Howard Wilson (CFO PD): Well, I think we really are proud of our results.

We ended the year at 32% revenue growth for the quarter, and 32% growth for the year. And that was an acceleration from 28% growth the prior year.

And so, it’s very unusual for a company at our scale, over $300 million of ARR, to actually be able to re-accelerate growth.

And that’s really been a combination of really strong, consistent execution, now over at least six quarters, and good product innovation that I think is meeting the needs of our customers.

So, I think that’s kind of, for me, was a highlight that we managed to just, continually, we’ve had really good performance.

And I often look at some of the other metrics, like our dollar-base net retention. This was our fifth consecutive quarter of it being above 120.

So, it was a 124 for the quarter. And I think that, to me, is a really good sign of how we are expanding with our customers.

And we’ve spoken to the market a long time about the importance of the mid-market and the enterprise, to us, as a company.

Mid-market and the enterprise segments are 80%, or over 80%, of our annual recurring revenue.

And when I see how customers are expanding with us, we’ve got almost 600 customers spending more than a hundred thousand dollars [annually] with us. And that’s a reasonable investment.

And we actually saw growth in the number of customers who are now spending a million dollars with us. That’s grown by 65%.

So, we have 43 customers who spend over a million.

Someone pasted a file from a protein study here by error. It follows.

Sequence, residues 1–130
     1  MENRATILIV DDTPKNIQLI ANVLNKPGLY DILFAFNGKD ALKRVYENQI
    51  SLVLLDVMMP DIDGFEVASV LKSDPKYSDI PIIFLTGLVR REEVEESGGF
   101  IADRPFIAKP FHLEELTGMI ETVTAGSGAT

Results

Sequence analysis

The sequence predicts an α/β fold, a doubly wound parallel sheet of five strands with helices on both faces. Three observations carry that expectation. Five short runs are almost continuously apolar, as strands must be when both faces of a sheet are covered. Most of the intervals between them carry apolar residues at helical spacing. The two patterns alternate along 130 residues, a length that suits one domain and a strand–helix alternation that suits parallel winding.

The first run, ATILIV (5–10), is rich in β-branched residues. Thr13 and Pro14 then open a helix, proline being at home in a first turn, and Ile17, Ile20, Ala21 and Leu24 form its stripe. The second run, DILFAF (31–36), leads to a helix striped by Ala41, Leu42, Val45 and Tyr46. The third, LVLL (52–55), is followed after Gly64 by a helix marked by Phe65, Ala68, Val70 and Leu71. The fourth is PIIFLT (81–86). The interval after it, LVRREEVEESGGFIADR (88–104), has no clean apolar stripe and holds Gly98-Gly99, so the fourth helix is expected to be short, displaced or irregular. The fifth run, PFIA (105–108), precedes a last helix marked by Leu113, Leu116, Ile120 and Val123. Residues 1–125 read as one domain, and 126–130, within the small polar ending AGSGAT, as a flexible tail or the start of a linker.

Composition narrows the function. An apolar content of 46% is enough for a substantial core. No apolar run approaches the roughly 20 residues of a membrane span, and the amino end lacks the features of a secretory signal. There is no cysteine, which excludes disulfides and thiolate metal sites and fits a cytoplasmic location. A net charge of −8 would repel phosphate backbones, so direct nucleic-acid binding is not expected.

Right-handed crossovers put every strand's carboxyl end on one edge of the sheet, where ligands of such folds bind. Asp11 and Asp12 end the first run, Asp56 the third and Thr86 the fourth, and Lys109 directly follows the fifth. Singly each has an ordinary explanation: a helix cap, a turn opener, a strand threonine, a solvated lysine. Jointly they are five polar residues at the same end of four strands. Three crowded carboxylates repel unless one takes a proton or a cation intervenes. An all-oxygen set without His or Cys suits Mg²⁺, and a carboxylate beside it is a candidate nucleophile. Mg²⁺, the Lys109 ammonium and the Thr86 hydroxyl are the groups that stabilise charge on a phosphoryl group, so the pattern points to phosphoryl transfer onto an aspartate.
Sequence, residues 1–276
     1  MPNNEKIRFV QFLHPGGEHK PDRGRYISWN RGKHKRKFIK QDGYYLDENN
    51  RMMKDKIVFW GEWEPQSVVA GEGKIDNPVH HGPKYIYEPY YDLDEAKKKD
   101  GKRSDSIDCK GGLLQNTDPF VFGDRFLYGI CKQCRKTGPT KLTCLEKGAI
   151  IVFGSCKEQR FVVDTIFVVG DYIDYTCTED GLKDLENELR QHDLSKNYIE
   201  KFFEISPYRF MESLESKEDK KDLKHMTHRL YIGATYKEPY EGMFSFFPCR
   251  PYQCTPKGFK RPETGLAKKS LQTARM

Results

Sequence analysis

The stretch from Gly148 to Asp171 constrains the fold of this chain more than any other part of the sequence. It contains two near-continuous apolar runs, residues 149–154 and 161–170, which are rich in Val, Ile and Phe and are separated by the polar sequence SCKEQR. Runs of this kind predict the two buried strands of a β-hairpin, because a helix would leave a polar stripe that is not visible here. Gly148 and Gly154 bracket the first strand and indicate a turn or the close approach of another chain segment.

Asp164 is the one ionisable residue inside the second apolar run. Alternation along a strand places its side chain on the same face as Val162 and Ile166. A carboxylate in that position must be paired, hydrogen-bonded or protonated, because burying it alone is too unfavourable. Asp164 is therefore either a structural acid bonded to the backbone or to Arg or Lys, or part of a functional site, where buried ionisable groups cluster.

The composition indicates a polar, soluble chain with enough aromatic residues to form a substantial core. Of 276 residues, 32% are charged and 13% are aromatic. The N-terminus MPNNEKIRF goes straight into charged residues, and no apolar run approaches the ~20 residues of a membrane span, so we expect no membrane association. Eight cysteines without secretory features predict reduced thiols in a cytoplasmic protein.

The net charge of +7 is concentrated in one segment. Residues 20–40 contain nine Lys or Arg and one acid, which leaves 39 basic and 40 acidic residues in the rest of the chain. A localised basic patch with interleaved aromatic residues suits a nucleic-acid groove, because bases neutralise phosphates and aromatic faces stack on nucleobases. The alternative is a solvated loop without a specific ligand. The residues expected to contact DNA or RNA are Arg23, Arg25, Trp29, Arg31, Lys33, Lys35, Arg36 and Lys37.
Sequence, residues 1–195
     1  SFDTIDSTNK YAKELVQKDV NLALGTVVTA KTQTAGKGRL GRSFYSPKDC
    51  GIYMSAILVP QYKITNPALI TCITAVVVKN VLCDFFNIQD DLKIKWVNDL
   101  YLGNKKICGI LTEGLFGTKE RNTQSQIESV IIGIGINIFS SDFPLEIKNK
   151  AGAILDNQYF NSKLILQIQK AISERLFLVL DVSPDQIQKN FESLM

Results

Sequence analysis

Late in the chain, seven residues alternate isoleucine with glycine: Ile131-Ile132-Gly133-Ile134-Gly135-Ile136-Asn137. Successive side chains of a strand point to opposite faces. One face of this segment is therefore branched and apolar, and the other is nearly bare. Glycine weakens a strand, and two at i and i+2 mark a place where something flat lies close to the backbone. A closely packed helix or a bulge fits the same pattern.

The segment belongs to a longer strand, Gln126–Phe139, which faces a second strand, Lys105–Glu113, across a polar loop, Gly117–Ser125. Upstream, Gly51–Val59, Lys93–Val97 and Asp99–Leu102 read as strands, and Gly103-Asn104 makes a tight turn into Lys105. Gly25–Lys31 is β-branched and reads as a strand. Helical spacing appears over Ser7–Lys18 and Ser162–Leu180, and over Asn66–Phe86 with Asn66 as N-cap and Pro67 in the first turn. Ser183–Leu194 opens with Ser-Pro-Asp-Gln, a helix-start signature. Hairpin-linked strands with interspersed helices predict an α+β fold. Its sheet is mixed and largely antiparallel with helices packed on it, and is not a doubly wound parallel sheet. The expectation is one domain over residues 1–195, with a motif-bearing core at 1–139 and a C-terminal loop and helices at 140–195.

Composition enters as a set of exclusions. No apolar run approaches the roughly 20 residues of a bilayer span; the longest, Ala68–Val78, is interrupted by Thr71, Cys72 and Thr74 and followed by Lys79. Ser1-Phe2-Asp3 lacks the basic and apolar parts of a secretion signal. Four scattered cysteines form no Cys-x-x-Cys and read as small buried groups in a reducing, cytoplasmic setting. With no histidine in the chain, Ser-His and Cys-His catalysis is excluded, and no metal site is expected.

So, this shows to the value of our platform.

We’re not just some small little point solution. Companies are making significant investments in PagerDuty because we are helping them deliver on their promise to their customers.

And that’s really what we’re all about. Our customers trust us to help them build trust with their customers.

So, when we look at the year and at the quarter, there’s such strong momentum.

Our product innovation, each quarter, we’re releasing new product innovation that puts greater distance between us and anyone who may be framed as our competition.

There’s no one that has the breadth of the detection, all the way through to auto-remediation, that we have, in terms of our ability to manage that unstructured, unplanned critical work. So yeah, I mean, it was really, it was a great year.

And then, if I look at the bottom line, obviously, in this environment, people are more concerned about what’s happening with profitability.

We continue to demonstrate that we’re improving operating leverage.

We ended up with a[n] operating margin of negative 8%. Our gross margins were still within our target range of 84% to 86%.

And we demonstrated improvement, and we beat our guidance, at that top line and bottom line. So that’s always a good place to be.

And we did share with folks that we’re on a clear path to profitability.

So, the guidance that we’ve given for next year shows improvement in operating margin.

We’ve guided to operating margin being in a range of negative four to negative six, so that would be 200 to 400 basis points improvements.

And we’re expecting that through the course of this next year — the first half of the year always tends to be heavily weighted with expenses that are related to payroll taxes and merit increases, bonuses, those sorts of things — that we expect to see an improvement, significant improvement in the back half the year with the fourth quarter being profitable.